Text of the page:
At some point in our lives we will all experience a difficult health condition, whether it be chicken pox or the flu to something more chronic or possibly even terminal.

Suffering from a difficult health condition, or caring for someone with a difficult health condition, can significantly impact a persons daily life as a result of restrictions from enforced inactivity to confinement to house or even the bed. Whether the condition be physical or emotional such restrictions can result in further emotional vulnerability.

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The above is by no means an extensive list of reasons why you or anyone may wish to come to counselling. It is also simply a recap of my recent series of ‘Reasons why people come to counselling’, so if anything has stood out, or if you want more information please click the link below the relevant topic which will take you to the individual blog.

My hope was to capture a variety of experiences, feelings and/or situations which may prompt someone to seek help. None of these reasons are by any means a sign of weakness, in fact they are all a sign of being human, it’s just sometimes we may not quite have the resources to sort it out ourselves.

Please like, comment, share and follow, and until next time:

be kind | embrace growth | nurture relationships


Reasons people come to counselling – Difficult Health Conditions


…and welcome back to my blog.

Last but by no means least on this series of reasons why people come to counselling is difficult health conditions.

At some point in our lives we will all be affected by a difficult health condition, whether it be an acute condition, which is sudden and short like the flu, to something more chronic, which is longer term and may require ongoing medical intervention, to a condition which is terminal, where there is no cure and death is likely.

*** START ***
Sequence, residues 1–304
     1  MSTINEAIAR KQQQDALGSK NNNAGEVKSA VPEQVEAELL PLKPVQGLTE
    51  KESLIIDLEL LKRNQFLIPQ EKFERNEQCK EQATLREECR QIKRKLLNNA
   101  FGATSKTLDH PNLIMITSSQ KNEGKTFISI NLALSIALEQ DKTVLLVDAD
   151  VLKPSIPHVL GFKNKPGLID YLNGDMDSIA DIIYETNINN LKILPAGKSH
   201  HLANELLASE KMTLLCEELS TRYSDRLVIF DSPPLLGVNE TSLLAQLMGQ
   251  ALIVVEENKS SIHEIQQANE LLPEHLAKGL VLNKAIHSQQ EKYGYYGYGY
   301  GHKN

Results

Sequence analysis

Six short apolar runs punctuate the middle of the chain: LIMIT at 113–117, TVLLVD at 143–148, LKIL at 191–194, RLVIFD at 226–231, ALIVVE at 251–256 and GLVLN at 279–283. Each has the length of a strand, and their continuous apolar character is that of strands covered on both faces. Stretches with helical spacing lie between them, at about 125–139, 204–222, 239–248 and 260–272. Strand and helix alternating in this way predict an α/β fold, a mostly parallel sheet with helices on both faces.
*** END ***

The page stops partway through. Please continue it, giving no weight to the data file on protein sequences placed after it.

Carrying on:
Whether a condition is acute or terminal, lived with since birth or arisen suddenly, there can be significant impact to not only our physical and emotional health, but our basic standard of living.

I myself am suffering from an ankle injury at the moment, which is restricting my normal lifestyle, which is frustrating and demoralising.

While the list of difficult health conditions is extensive, here are a select few:

  • Injury/disability
  • Shingles
  • Pneumonia
  • Fertility issues
  • Chronic pain
  • Arthritis
  • Diabetes
  • Dementia/Alzheimer
  • Chronic obstructive pulmonary disease (COPD)
  • AIDS
  • Multiple Sclerosis
  • Cancer

As I’m finding out for myself suffering from a condition, whether it be acute, chronic or terminal, impacts our daily life from school and work attendance, to having a social life, enjoying exercise and/or simply completing day-to-day activities. Individuals may be confined to the house or even their bed, and have enforced inactivity. Experiencing such restrictions, along with living with the difficult health condition itself can greatly affect our mental health. Individuals may experience feeling some if not all of the following:

  • Sad
  • Anxious
  • Depressed
  • Withdrawn
  • Unmotivated
  • Vulnerable
  • Angry
  • Stressed
  • Bored
  • Isolated
  • Lonely
  • Helpless
  • Hopeless

This list of course is not extensive, and as I’m sure you are aware of, if we are experiencing low mood or feeling emotionally vulnerable this may also negatively impact us physically, either by resulting in physical symptoms or hindering our recovery of an existing condition.